Stocks drop on default concern amid debt-limit deadlock

Stocks were dragged down again Monday as little progress is being reported in the ongoing budget disputes in Washington, D.C., now into a second week.

The Dow Jones Industrial Average fell 136.34 points to 14,936.24. The Nasdaq composite index was down 37.38 points to 3,770.38, and the Standard & Poor’s 500 Index lost 14.38 points to 1,676.12, the lowest since Sept. 9.

Little economic news is expected this week ahead of the release of corporate earnings reports for the third quarter.

Commodities were mixed again. Gold rose $15.20 an ounce to $1,325.10, the first gain after three sessions lower. Oil fell 81 cents to $103.03 a barrel.

Bank of America Corp. (NYSE: BAC) and Wells Fargo & Co. (NYSE: WFC) paced declines among banks, each slipping 1.7 percent. International Business Machines Corp. (NYSE: IBM) retreated 1.1 percent as Barclays Plc (NYSE: BCS) lowered its recommendation.

Cooper Tire & Rubber Co. (NYSE: CTB) sank 13 percent to $25.72 as Apollo Tyres Ltd. is seeking to cut its $2.5 billion offer to buy the U.S. company.

Apple Inc. (Nasdaq: AAPL) gained 1 percent to $487.75 after Jefferies Group LLC (NYSE: JEF) upgraded the stock.

About 5 billion shares changed hands on U.S. exchanges, the slowest trading since Aug. 29.

House Speaker John Boehner said in an interview on ABC’s “This Week” that the House of Representatives can’t pass a debt-ceiling increase without packaging it with other provisions. Boehner said the country could default if President Barack Obama doesn’t negotiate. Obama on Monday challenged congressional Republicans to raise the U.S. debt limit by next week and said he’s willing to negotiate on fiscal terms once that is done and government funding is restored.

Without an increase to the debt limit, the U.S. will exhaust its borrowing authority Oct. 17 and would run out of funds to pay all of its bills sometime between Oct. 22 and Oct. 31, according to the congressional budget office.

S&P stripped the U.S. of its AAA credit rating in August 2011 during a stalemate between Obama and Congress over whether to raise the debt ceiling. The S&P 500 fell more than 11 percent in three days.

The S&P 500 had its first back-to-back weekly decline since August as the government began its first shutdown Tuesday in 17 years, placing as many as 800,000 federal employees on unpaid leave and closing some services, after lawmakers failed to reach an agreement on budgets before the start of a new fiscal year.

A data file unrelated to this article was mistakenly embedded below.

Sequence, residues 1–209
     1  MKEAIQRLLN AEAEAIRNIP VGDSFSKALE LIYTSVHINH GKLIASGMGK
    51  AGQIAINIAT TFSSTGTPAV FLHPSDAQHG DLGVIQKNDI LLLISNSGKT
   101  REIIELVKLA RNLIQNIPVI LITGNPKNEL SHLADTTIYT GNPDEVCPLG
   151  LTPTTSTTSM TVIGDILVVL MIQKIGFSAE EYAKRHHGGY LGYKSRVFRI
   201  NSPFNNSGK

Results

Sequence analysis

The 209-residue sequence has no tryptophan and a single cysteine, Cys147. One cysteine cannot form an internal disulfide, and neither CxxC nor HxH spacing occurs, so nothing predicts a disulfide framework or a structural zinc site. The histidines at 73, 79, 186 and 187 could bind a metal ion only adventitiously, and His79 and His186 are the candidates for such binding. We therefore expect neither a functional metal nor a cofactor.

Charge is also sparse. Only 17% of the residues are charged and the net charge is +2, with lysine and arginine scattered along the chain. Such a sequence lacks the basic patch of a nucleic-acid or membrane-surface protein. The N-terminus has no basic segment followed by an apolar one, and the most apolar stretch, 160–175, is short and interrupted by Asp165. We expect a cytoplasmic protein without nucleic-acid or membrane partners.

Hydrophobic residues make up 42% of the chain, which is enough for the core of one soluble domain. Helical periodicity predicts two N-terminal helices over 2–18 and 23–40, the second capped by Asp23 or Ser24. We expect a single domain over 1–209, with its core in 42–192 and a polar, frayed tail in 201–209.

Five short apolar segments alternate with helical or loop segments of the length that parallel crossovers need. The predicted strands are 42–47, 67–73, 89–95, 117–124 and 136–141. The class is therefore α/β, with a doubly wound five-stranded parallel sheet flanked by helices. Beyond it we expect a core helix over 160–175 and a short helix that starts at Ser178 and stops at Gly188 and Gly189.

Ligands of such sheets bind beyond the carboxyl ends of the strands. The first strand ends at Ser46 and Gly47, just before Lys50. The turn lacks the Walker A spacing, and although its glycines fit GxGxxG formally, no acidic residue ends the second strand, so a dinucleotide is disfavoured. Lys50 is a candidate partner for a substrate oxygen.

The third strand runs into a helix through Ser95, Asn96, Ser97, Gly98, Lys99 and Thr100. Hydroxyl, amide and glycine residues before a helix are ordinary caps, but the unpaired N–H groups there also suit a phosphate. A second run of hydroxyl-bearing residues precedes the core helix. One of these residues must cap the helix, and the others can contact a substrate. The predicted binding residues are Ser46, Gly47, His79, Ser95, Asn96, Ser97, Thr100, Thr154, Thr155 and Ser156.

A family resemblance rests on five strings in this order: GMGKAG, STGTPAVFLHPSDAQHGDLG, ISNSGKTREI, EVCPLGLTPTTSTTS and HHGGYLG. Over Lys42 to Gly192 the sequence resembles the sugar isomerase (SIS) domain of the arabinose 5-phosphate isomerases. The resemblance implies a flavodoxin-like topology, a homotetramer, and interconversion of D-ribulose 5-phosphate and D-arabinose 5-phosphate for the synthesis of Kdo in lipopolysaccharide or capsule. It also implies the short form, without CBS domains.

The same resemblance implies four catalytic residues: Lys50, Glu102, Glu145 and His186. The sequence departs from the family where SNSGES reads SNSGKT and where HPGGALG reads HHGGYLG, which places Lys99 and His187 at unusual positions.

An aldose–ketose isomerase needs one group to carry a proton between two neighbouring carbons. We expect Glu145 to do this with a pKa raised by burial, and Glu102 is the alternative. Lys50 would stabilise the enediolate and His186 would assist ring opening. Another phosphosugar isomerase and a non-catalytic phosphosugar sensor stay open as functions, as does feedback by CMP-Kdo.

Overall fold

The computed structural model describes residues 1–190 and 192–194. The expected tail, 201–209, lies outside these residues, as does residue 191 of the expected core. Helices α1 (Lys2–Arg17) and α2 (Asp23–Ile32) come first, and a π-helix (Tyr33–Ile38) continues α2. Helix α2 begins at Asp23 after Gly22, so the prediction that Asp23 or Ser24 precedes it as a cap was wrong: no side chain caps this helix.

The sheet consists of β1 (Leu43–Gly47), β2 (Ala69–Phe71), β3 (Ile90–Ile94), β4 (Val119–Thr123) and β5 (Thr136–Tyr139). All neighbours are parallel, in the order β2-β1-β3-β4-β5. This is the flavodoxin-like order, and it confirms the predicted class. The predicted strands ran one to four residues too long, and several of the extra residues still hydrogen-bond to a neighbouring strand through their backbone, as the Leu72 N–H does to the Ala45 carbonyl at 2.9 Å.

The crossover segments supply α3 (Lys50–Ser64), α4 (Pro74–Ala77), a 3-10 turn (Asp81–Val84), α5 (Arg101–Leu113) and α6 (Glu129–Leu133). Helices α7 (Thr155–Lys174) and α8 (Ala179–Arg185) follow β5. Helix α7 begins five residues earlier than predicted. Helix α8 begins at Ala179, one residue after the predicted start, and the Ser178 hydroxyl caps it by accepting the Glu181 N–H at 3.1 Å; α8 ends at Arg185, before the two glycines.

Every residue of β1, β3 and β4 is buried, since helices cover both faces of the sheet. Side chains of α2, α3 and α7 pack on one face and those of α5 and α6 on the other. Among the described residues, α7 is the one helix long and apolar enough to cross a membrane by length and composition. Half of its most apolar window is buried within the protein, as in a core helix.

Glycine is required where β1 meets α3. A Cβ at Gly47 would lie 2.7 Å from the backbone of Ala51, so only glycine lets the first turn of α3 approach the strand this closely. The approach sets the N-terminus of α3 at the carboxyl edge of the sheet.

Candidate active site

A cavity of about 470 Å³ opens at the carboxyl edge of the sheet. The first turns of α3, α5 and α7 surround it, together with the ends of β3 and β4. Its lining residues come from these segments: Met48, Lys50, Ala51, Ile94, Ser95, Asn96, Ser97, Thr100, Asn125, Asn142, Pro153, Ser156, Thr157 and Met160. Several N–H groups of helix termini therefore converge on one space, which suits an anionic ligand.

The action delayed the release of the Labor Department’s monthly payrolls report, due last week. Should the shutdown continue, economic data to be postponed this week include September retail sales and August trade.

The lack of data is making it harder for Federal Reserve policymakers to assess the health of the economy as they consider when to start paring unprecedented monetary stimulus.

The S&P 500 jumped to a record on Sept. 18 as the central bank unexpectedly refrained from reducing its $85 billion monthly bond-buying program, saying it wants more evidence of an economic recovery before scaling back stimulus. The Fed will release the minutes of its Sept. 17 and 18 meeting Oct. 9.

The U.S. earnings season starts Tuesday with Alcoa Inc. (NYSE: AA), America’s biggest aluminum producer, scheduled to release third- quarter results after the market closes.

All 10 industries in the S&P 500 declined except for telephone companies. Consumer-discretionary, financial and raw-materials stocks fell the most, sinking at least 1.2 percent.

The KBW Bank Index sank 1.9 percent as all its 24 members retreated. Bank of America dropped 1.7 percent to $13.81. Wells Fargo, the largest U.S. home lender, lost 1.7 percent to $40.62.

IBM slipped 1.1 percent to $182.01. Barclays cut its rating on the world’s largest computer-services provider to equal- weight, or hold, from overweight, citing concern that IBM’s cash flow may be affected as customers move to online-based software.

Qualcomm Inc. (Nasdaq: QCOM) dropped 1.2 percent to $67.19. Tal Liani, an analyst with Bank of America Corp., cut the rating on the largest U.S. wireless equipment maker to neutral from buy, citing a potential “significant deceleration” in revenue and earnings growth over the next two years amid a slowdown in the smartphone market.

Time Warner Cable Inc. (NYSE: TWC) fell 1.6 percent to $111.02. The second-largest U.S. cable company agreed to buy fiber-optic network provider DukeNet Communications LLC for $600 million in cash. Time Warner Cable plans to use DukeNet to expand its business services in seven southeastern states, including North and South Carolina.

Alcoa added 0.1 percent to $7.97, erasing a loss of as much as 1.5 percent in the final minute of trading. Alcoa’s profit probably doubled during the third quarter to 6 cents a share amid higher demand from the aircraft and automotive industries, according to analysts’ estimates compiled by Bloomberg.

— Bloomberg contributed to this report.

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